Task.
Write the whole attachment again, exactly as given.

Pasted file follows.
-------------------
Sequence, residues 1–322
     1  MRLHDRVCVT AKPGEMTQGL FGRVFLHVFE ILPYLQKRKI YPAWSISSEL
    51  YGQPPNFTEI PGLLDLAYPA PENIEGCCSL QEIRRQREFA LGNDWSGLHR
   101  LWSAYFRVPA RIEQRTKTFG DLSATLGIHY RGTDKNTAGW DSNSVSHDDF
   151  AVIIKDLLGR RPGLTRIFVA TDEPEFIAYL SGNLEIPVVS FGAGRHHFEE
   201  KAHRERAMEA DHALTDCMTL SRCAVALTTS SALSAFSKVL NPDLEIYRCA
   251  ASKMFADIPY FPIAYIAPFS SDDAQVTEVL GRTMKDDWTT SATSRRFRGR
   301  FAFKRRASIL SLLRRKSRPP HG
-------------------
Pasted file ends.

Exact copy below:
Sequence, residues 1–322
     1  MRLHDRVCVT AKPGEMTQGL FGRVFLHVFE ILPYLQKRKI YPAWSISSEL
    51  YGQPPNFTEI PGLLDLAYPA PENIEGCCSL QEIRRQREFA LGNDWSGLHR
   101  LWSAYFRVPA RIEQRTKTFG DLSATLGIHY RGTDKNTAGW DSNSVSHDDF
   151  AVIIKDLLGR RPGLTRIFVA TDEPEFIAYL SGNLEIPVVS FGAGRHHFEE
   201  KAHRERAMEA DHALTDCMTL SRCAVALTTS SALSAFSKVL NPDLEIYRCA
   251  ASKMFADIPY FPIAYIAPFS SDDAQVTEVL GRTMKDDWTT SATSRRFRGR
   301  FAFKRRASIL SLLRRKSRPP HG